MoMo’s Scrapple recipe

MoMo’s Scrapple.

MoMo’s Scrapple.


*About one quart of water

*About half a pound of sausage (or whatever meat you have around the farm that you can grind up) 

*Salt to taste 

*A bunch of yellow cornmeal (If you’ve ground your own cornmeal as she did, all the better. But let’s assume you have not, so store-bought will have to do) 


In a stove pot, crush the meat in the water. (I use a potato masher.) Boil for about five minutes. Then thicken with handfuls of cornmeal, little-by-little, until it begins to get hard to stir. Turn the mixture into a buttered bread pan and let cool overnight. (Use the frig if your kitchen tends to be warm). In the morning, turn it out of the pan, slice it in thin pieces (like bread), and fry in a smidgen of lard, butter, or oil). Fry until crisp. Slather with butter, and sorghums or maple syrup if you wish. It is delicious! 

Don’t worry about calories and cholesterol. They hadn’t been discovered yet when this recipe was conjured up.



MoMo also made “dough-gots.” She’d let her homemade bread dough rise, they would break it into pieces, flatten each piece into a patty, and fry them (in lard again, from the jar kept by the stove). We ate them hot with butter. I’d think it’s a miracle we all survived, except we spent so much time playing outdoors, we worked most of that fat right off.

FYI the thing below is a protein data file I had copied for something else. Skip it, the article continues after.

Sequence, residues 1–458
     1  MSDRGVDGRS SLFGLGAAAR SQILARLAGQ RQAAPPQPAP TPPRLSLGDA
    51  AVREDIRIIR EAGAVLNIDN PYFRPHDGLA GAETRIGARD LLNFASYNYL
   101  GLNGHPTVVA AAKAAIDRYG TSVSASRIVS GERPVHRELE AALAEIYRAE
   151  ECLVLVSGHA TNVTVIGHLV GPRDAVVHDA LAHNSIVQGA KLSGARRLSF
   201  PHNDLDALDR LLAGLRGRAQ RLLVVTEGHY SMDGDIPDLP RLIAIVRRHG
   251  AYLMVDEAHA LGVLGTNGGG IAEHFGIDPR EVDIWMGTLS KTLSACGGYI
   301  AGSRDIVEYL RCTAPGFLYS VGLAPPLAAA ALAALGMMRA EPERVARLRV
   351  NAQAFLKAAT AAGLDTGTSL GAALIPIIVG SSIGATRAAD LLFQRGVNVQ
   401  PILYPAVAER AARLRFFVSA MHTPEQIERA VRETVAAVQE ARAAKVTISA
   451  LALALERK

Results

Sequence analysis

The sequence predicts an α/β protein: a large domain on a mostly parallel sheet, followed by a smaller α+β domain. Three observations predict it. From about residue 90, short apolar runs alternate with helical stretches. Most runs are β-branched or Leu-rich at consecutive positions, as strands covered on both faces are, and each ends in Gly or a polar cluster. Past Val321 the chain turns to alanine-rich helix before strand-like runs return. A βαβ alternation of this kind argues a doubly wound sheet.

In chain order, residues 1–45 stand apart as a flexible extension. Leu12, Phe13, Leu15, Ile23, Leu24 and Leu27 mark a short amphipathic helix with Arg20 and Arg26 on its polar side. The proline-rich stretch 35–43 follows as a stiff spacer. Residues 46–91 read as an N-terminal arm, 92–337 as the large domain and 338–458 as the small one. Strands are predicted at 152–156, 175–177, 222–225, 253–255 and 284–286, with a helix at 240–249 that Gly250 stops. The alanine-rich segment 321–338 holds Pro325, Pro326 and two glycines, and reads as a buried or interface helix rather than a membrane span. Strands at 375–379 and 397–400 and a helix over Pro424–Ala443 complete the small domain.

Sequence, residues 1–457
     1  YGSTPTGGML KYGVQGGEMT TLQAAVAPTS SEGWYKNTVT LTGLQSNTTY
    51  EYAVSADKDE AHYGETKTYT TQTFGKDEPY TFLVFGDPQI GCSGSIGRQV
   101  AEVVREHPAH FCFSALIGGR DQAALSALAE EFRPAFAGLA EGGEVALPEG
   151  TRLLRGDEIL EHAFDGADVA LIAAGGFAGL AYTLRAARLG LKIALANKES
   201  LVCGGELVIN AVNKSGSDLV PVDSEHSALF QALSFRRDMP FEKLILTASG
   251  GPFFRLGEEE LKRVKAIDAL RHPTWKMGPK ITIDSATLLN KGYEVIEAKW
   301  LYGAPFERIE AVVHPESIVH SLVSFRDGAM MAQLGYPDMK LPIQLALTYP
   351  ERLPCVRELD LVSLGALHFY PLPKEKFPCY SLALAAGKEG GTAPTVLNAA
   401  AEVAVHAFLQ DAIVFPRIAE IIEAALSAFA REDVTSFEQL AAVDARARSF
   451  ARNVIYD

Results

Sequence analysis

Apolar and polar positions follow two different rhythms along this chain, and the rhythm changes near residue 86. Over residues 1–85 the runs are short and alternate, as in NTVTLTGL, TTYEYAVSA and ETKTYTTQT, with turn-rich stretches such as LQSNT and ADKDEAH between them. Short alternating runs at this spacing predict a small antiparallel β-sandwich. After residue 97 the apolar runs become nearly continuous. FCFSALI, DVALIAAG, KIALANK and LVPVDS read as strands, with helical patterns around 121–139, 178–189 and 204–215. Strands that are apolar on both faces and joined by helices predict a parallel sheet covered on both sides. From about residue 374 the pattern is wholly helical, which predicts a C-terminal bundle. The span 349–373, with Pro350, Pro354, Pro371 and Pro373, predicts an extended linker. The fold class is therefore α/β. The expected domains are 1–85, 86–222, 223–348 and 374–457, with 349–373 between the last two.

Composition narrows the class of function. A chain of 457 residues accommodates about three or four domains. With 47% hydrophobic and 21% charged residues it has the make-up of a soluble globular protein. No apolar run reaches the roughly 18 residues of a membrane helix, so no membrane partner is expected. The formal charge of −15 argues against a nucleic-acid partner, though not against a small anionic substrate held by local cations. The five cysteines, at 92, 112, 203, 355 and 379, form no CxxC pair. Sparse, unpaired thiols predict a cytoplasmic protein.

We also had plenty of fresh vegetables from the garden and apples and pears from their fruit trees. With no chemical fertilizers or debuggers – dried cow dung worked fine – we were blessed with a healthy diet in spite of the lard. In fact, we ate so many veggies right out of the ground and washed off at the rain barrel that once a year MoMo would declare it was time to make sure we didn’t have anything untoward in our bellies. She’d give us each a spoonful of castor oil and something else I forget, out of pure misery. What wretched stuff. But to my knowledge, none of us ever had any creepy-crawly critters in our guts.